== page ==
Wizards of the Coast published a string of co-op board games using rules called the Dungeons & Dragons Adventure System from 2010 through to 2019. Each was essentially a stripped-down D&D adventure you could finish in a couple of hours. Most were based on existing D&D modules both old and new, like Castle Ravenloft, Temple of Elemental Evil, and Tomb of Annihilation. That last one was adapted into the videogame Tales from Candlekeep: Tomb of Annihilation by BKOM Studios and released on Steam in 2017. The games were well-received by fans and provided an enjoyable way to experience classic D&D adventures with friends. However, Wizards of the Coast has since announced that they will no longer be producing any new Adventure System games, opting instead to focus on their core tabletop RPG business. While this is unfortunate news for fans of the series, it’s understandable given the company’s current direction.
BKOM Studios has announced that Tomb of Annihilation will be delisted from Steam on May 20. “While it will no longer be possible to acquire the game or any of the additional content on that date,” the developer explains, “players who have the game in their Steam library will still be able to play it and enjoy all of its content.” The studio adds that it’s “committed to providing ongoing support” for players, and that it will “continue to monitor” feedback. Given the current state of the licensing agreements, it’s unclear if or when the game will return to Steam. In the meantime, players are encouraged to take advantage of the game’s currently available content.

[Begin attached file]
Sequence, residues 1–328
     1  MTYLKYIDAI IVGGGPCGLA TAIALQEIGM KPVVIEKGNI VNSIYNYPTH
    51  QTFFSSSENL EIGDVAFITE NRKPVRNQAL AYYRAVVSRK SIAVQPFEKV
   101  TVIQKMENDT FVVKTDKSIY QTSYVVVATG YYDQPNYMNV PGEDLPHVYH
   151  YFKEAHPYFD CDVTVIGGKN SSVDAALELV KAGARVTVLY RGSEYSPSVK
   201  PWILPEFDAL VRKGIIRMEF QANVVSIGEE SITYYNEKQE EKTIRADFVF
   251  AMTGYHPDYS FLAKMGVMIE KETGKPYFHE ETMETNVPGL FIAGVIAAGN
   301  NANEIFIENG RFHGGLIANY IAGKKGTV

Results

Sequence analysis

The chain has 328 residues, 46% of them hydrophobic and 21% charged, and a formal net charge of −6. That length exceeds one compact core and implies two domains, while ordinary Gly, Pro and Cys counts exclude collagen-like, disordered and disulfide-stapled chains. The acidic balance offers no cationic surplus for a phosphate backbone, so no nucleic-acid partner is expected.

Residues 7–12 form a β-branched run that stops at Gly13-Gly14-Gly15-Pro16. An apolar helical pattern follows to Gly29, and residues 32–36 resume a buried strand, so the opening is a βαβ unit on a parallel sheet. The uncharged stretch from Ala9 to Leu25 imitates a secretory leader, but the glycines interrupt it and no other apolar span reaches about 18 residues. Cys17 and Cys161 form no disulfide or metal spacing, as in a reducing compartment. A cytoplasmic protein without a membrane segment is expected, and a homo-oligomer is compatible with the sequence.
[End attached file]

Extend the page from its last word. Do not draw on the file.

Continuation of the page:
The Tomb of Annihilation adventure supplement for Dungeons and Dragons is set in the fictional Forgotten Realms campaign setting, specifically the jungle peninsula of Chult. The story revolves around a group of adventurers seeking a way to end the “death curse”, which has not only prevented raise dead spells from working, but is making anyone previously resurrected by magic slowly waste away. The supplement introduces new monsters and characters, as well as new mechanics for running a campaign in a jungle setting. Overall, Tomb of Annihilation is a well-crafted adventure that will provide many hours of entertainment for D&D players.
The D&D module was an homage to the older Tomb of Horrors, first published in 1978, which was designed by D&D co-creator Gary Gygax as a competitive dungeon for play at conventions. It was basically a series of traps created to kill off player-characters, and putting it into print and the hands of Dungeon Masters around the world resulted in a lot of misery and total party kills. However, it was published a long time ago, so we can laugh about it now. The module has since been updated and reprinted several times, most recently in 2010. It remains a popular choice among players looking for a challenge, and has even spawned spin-off products, such as video games and novels. Whether you love it or hate it, there’s no denying that the Tomb of Horrors is one of the most iconic modules in the history of Dungeons & Dragons.